Signup date: 31 Oct 2019 at 1:55pm
Last login: 16 Feb 2021 at 1:38pm
Post count: 77
It would depend on its value to the person reading your CV. Mainstream media isn't peer-reviewed, so may not have much weight as a publication in some circles. You could however demonstrate how this engages the public and contributes to impact and stakeholder awareness.
I agree with rewt, this is a highly unusual situation. Given that your external seems to have no intention of passing you, I agree with rewt's advice in order to get a new examiner. If you are a member of a union (UCU, NUS, your university's union), they might also be worth talking to.
Firstly, well done for carrying on with your review after getting emotional. That's a brave thing to do. Secondly, are your supervisors/university support team aware of your depression? They are make reasonable adjustments for you, if so. That's not to say that they would allow you to pass no questions asked, but it may help you re: scheduling, deadlines etc.
As to whether you should continue - did you want to continue with the PhD prior to your review, or are these feelings that came about because of your review performance? It sounds like you might be having a wobble at the moment because of this dent in your confidence.
A friend of mine has suspended their PhD for at least 6 months on medical grounds. She's expressed the wish to continue working on her PhD throughout this time however, which I told her was kind of defeating the object of suspending in the first place. She had health problems before she suspended, so she had a few months where she didn't produce anything for her PhD, and wants to 'catch up' on that. I have checked in our university regulations, but it doesn't say anything in there about this.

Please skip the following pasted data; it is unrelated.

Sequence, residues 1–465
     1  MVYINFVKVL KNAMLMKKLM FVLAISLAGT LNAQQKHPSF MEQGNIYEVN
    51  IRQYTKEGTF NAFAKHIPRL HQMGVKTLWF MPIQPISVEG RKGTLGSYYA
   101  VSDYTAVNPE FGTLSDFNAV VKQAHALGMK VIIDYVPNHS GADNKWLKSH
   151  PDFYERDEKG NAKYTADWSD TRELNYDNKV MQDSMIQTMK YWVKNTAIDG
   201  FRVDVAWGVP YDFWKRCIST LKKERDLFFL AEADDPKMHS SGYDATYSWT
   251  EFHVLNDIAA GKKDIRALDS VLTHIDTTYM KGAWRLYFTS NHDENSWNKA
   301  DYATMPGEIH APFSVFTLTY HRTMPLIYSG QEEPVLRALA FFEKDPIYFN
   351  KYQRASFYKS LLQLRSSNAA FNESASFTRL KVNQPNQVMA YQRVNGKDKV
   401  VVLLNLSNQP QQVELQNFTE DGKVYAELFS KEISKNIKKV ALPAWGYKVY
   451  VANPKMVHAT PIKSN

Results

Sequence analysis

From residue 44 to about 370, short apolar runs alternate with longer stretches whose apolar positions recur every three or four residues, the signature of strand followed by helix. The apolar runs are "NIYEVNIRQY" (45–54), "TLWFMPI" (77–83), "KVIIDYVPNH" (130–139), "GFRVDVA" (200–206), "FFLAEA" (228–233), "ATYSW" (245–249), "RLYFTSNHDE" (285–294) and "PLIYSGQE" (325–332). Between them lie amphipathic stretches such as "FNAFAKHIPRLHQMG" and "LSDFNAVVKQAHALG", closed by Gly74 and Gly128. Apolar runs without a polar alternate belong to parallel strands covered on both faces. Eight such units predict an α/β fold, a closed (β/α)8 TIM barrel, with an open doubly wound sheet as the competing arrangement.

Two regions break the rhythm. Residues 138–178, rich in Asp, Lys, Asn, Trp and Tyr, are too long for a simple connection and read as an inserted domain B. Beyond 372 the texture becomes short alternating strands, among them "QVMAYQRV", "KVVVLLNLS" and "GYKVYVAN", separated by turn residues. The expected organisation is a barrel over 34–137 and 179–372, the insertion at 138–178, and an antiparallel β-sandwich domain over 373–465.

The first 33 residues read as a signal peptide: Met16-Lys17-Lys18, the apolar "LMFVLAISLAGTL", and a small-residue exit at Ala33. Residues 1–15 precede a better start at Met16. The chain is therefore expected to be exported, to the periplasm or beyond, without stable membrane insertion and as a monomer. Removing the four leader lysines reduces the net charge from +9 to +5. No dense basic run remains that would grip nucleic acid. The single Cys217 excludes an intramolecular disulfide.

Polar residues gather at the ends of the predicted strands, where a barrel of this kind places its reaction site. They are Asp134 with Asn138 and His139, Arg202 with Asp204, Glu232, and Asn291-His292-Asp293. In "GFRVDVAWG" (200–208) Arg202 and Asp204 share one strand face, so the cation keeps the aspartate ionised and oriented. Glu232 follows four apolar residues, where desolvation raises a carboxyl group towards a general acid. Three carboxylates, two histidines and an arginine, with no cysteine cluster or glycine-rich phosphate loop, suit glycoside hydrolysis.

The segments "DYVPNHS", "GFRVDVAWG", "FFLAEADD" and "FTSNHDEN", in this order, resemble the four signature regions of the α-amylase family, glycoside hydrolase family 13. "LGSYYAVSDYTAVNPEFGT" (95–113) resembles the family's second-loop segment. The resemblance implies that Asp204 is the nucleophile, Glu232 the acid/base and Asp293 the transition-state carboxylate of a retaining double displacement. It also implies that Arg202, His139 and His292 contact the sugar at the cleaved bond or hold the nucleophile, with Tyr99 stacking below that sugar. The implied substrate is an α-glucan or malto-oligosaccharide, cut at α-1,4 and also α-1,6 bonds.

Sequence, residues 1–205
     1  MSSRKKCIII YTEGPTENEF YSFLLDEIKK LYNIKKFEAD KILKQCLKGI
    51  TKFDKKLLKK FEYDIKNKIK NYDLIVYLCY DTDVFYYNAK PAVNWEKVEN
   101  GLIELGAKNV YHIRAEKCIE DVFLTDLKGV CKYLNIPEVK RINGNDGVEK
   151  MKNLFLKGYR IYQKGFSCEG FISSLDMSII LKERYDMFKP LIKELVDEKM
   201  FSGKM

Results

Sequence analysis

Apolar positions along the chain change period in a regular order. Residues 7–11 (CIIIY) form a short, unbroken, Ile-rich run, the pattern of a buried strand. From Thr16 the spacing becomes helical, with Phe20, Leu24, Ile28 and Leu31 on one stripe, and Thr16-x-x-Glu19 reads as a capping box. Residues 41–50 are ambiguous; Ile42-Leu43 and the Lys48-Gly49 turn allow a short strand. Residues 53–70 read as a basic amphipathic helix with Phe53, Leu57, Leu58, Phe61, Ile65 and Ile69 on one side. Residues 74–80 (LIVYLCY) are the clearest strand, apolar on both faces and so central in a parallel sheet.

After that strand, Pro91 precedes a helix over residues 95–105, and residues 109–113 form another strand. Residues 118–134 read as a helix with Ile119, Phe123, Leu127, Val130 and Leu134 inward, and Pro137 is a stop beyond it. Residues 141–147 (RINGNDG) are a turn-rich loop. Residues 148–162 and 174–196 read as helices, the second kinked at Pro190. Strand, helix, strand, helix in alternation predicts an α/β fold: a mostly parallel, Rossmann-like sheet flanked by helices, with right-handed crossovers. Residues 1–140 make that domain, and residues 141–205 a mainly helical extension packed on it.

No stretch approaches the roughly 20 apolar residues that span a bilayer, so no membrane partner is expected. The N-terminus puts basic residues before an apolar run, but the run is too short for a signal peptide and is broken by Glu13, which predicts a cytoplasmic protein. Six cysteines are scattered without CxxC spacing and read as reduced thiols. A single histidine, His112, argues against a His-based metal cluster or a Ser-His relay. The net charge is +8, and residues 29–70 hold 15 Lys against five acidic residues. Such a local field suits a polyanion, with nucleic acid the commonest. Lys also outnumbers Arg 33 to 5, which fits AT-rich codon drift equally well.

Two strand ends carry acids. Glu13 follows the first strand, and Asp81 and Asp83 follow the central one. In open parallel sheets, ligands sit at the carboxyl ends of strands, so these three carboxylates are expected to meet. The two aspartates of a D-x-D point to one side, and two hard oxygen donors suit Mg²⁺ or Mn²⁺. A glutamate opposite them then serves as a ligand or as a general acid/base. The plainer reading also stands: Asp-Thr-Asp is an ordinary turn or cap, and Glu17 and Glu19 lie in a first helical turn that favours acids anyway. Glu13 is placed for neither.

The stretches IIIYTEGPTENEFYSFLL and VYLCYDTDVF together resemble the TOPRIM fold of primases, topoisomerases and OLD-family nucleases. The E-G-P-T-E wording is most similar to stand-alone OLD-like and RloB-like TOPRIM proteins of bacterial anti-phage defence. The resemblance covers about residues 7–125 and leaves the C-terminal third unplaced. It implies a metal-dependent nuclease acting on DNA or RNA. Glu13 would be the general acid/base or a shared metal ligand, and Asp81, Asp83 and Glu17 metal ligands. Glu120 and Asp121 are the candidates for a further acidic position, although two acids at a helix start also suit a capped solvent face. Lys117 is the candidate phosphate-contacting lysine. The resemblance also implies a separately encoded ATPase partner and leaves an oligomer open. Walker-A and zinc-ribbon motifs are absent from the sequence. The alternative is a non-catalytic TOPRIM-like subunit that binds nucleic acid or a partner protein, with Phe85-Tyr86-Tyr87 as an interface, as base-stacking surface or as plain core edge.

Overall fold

Does anyone know if the work she does over her suspension will be allowed to be included (as her supervisors know what stage she's at right now), or whether there could be any other consequences? She is aware that she won't get any supervision during this time, but is determined to do it anyway.
Everyone usually gets some amendments as a result of their reviews - that's what they're for! As it's your first review, you don't have perspective: this is a good result, and it seems clear to me that your report was good. Don't let the amendments devalue what you've done. You haven't let your supervisor down.
Whether it's working with them in the lab, or as part of a study group etc., have any of you had bad experiences with another PhD student?
I've personally met a few students who openly admit to only doing a PhD for the title, and just wanted to stay at university to continue their undergraduate lifestyle (i.e. sleeping all day and drinking all night). I doubt most of them will stay the course, especially when it comes to annual reviews.
I've also experienced a fellow PhD student give me and my peers the silent treatment for days, after saying something 'too intelligent' in a meeting and 'showing them up'.
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